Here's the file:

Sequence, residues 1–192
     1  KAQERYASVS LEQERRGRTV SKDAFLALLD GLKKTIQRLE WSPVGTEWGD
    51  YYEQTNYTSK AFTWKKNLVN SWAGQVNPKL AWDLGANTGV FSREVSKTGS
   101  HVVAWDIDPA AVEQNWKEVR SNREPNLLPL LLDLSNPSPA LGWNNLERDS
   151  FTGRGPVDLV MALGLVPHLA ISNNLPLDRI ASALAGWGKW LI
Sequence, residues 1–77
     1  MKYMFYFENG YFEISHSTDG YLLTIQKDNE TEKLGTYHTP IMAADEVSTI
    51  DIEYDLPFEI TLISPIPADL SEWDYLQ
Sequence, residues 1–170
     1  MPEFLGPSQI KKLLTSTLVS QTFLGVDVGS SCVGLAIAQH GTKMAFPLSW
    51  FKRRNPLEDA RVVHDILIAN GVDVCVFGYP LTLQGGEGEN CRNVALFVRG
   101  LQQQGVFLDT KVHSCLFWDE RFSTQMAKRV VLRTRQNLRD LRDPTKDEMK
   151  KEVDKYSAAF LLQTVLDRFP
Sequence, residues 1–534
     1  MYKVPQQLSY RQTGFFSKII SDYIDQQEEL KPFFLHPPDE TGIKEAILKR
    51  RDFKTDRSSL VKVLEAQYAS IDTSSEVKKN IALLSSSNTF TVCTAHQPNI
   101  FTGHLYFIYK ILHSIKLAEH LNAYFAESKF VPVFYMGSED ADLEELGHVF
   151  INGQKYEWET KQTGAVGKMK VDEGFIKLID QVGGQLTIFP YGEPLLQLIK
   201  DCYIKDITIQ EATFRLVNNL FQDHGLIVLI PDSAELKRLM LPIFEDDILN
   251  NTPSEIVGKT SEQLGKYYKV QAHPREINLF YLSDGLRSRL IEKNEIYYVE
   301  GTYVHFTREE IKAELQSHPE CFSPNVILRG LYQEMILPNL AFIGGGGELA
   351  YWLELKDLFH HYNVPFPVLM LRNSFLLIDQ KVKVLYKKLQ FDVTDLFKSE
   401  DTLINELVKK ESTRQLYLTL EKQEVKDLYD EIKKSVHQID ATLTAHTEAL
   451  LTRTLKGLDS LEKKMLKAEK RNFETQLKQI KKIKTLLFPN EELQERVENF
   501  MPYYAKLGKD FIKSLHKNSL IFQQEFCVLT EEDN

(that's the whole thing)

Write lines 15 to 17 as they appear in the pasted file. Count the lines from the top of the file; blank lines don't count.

     1  MYKVPQQLSY RQTGFFSKII SDYIDQQEEL KPFFLHPPDE TGIKEAILKR
    51  RDFKTDRSSL VKVLEAQYAS IDTSSEVKKN IALLSSSNTF TVCTAHQPNI
   101  FTGHLYFIYK ILHSIKLAEH LNAYFAESKF VPVFYMGSED ADLEELGHVF